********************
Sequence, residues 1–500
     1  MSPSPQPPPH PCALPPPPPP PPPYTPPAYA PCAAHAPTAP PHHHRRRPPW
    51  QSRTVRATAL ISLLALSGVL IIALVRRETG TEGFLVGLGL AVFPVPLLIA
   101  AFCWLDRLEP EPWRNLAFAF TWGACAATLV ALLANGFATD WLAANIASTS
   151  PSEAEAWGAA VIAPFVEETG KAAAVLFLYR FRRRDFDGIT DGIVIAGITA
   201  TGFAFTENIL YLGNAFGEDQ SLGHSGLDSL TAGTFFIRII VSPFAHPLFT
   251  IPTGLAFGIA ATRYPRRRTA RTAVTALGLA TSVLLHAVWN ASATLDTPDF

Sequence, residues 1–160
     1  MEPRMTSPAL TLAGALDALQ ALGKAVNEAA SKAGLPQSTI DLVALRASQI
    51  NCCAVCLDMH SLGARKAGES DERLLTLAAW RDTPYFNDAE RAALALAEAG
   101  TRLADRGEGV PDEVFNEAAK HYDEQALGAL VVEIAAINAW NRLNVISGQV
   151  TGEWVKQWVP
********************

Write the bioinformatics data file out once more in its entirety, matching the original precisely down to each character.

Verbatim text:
Sequence, residues 1–500
     1  MSPSPQPPPH PCALPPPPPP PPPYTPPAYA PCAAHAPTAP PHHHRRRPPW
    51  QSRTVRATAL ISLLALSGVL IIALVRRETG TEGFLVGLGL AVFPVPLLIA
   101  AFCWLDRLEP EPWRNLAFAF TWGACAATLV ALLANGFATD WLAANIASTS
   151  PSEAEAWGAA VIAPFVEETG KAAAVLFLYR FRRRDFDGIT DGIVIAGITA
   201  TGFAFTENIL YLGNAFGEDQ SLGHSGLDSL TAGTFFIRII VSPFAHPLFT
   251  IPTGLAFGIA ATRYPRRRTA RTAVTALGLA TSVLLHAVWN ASATLDTPDF

Sequence, residues 1–160
     1  MEPRMTSPAL TLAGALDALQ ALGKAVNEAA SKAGLPQSTI DLVALRASQI
    51  NCCAVCLDMH SLGARKAGES DERLLTLAAW RDTPYFNDAE RAALALAEAG
   101  TRLADRGEGV PDEVFNEAAK HYDEQALGAL VVEIAAINAW NRLNVISGQV
   151  TGEWVKQWVP